c. 492-432 BC

Empedocles was a Sicilian philosopher, poet, and physician. He had different reputations among contemporaries. He was regarded as a mystic, a scientist, a healer, and even as a living god. He, along with Pythagoras, is said to have invented the four-element theory of matter (earth, air, fire, and water) that Hippocrates took up later as a structure around which to develop his humor theory of bodily functions. Aristotle credited Empedocles with inventing rhetoric, and with the idea that light moves at a finite speed.

Empedocles’ saw the world as being made up of a cycle of eternal change, growth and decay in which two personified cosmic forces, love and strife, fight out an eternal battle for supremacy.

As a follower of Pythagoras, Empedocles adopted the Pythagorean view of the transmigration of souls, and Pythagoras’s vegetarianism and pacifism.

As can be seen in the following fragment of his writings, Empedocles claimed to be immortal, to be able to control the wind and rain, and to bring back the dead.

Cures for evils whatever there are, and protection against old age shalt thou learn, since for thee alone will I accomplish all these things. Thou shalt break the power of untiring gales which rising against the earth blow down the crops and destroy them; and, again, whenever thou wilt, thou shalt bring their blasts back; and thou shalt bring seasonable drought out of dark storm for men, and out of summer drought thou shalt bring streams pouring down from heaven to nurture the trees; and thou shalt lead out of Hades the spirit of a man that is dead. (Fairbanks, 1898, p. 159)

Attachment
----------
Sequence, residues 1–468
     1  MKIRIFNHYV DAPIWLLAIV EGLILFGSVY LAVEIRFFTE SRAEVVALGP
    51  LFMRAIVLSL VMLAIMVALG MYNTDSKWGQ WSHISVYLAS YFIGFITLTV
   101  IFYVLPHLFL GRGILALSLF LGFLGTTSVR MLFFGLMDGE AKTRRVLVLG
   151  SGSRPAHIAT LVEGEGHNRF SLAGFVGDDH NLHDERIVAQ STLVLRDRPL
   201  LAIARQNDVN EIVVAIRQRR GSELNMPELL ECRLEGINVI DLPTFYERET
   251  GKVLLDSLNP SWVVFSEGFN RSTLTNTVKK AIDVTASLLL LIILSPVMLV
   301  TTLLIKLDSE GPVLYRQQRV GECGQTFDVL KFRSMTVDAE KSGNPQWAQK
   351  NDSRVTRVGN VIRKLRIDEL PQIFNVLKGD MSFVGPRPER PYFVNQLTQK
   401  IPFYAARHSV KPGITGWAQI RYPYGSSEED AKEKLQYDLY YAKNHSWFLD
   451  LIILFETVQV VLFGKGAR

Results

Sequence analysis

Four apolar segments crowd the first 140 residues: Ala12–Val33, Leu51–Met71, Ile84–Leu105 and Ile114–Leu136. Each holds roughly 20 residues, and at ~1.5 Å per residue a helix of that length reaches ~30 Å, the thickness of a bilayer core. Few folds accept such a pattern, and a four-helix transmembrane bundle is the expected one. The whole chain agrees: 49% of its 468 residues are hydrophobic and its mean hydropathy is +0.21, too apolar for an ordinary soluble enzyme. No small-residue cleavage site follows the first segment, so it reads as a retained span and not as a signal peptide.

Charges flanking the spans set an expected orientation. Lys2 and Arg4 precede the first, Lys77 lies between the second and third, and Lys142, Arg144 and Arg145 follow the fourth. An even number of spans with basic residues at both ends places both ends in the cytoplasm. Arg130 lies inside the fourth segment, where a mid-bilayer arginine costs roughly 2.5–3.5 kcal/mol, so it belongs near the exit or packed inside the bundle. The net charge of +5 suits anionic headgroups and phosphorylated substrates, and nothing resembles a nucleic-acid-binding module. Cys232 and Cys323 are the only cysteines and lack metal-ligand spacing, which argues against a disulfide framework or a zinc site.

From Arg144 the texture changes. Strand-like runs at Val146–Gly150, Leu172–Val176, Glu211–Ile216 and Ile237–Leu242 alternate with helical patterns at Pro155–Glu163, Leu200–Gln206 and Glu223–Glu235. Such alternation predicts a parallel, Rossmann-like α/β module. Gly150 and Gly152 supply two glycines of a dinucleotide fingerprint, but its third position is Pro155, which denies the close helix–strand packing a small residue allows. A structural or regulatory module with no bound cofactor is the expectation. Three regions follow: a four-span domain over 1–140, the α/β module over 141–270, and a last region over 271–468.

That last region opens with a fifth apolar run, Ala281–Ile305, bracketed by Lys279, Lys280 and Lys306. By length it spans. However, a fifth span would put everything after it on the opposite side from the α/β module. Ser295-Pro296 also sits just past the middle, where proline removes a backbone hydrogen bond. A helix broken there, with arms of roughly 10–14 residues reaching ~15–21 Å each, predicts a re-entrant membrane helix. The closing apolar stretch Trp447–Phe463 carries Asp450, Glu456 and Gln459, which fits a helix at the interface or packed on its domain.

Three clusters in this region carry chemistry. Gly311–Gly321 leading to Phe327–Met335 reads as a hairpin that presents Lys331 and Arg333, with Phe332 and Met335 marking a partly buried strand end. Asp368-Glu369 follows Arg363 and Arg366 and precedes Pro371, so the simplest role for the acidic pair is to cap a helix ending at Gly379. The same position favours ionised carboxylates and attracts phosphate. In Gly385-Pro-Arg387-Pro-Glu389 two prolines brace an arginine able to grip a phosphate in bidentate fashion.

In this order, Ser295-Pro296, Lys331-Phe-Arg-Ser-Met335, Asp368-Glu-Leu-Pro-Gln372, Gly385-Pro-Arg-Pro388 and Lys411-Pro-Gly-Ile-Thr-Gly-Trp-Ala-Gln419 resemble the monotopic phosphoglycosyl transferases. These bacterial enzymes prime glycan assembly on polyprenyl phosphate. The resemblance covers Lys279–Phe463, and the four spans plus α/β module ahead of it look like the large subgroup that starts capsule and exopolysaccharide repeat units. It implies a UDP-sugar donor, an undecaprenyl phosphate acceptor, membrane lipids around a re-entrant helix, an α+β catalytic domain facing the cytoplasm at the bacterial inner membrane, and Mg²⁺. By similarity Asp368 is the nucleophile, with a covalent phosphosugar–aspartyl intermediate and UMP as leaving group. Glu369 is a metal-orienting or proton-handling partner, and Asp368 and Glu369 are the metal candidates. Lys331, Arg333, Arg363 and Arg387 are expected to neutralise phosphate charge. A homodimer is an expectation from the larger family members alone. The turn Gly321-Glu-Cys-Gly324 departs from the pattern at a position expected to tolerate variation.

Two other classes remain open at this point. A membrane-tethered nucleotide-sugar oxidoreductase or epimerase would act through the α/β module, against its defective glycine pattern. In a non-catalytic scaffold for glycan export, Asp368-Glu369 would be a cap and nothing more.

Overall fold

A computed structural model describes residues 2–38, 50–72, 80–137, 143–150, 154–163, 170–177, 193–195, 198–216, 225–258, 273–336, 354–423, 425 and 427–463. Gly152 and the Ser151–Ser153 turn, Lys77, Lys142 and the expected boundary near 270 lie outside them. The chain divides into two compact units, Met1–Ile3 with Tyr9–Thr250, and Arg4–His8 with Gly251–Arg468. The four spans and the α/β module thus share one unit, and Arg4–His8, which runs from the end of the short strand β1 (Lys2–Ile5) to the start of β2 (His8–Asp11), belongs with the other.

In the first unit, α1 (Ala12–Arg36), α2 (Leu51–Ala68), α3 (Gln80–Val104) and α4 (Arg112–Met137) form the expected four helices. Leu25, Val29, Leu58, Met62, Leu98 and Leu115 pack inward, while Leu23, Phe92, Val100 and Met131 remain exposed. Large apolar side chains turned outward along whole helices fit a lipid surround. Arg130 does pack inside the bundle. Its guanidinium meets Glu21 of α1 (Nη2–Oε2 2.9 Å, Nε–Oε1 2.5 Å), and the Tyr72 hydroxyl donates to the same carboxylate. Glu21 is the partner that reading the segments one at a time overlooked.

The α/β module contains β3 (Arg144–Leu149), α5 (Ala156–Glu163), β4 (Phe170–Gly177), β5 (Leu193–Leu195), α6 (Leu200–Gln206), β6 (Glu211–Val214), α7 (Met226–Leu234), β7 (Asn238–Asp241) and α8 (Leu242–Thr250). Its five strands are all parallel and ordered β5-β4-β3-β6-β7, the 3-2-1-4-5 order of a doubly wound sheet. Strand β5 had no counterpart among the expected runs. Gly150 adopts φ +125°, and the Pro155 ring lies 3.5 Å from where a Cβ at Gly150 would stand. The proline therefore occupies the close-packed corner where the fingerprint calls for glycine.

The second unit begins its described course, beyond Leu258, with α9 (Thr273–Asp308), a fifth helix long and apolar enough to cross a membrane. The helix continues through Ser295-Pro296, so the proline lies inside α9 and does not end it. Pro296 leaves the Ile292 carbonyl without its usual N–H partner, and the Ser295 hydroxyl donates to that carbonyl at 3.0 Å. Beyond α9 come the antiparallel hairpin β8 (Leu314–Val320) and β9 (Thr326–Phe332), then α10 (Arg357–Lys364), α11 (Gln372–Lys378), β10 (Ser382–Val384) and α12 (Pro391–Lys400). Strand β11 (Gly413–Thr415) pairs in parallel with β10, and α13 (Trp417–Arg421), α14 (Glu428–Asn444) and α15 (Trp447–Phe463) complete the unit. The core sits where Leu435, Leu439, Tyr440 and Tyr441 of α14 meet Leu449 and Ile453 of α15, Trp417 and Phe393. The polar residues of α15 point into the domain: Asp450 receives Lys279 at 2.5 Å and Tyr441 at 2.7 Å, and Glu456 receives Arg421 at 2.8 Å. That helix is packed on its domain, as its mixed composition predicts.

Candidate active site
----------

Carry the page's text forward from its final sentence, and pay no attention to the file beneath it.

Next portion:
Empedocles methods for healing included sacred incantations and ritual purifications. Through these he is said to have overthrown a plague and restored a contaminated water supply.

For more on Empedocles, see:


Empedocies (2010) http://history.hanover.edu/texts/presoc/emp.htm

Fairbanks, A. (Ed & Translator) (1898). The First Philosophers of Greece (pp. 157-234) London: K. Paul, Trench, Trubner. Retrieved from http://history.hanover.edu/texts/presoc/emp.htm, January 11, 2010.

Mourelatos, A. P. D. (1980) Empedocles of Acragas. Dictionary of Scientific Biography (C.C. Gilespie, ed.). New York: Charles Scribner's Sons.

Trépanier, S. (2004) Empedocles: An Interpretation. NY: Routledge.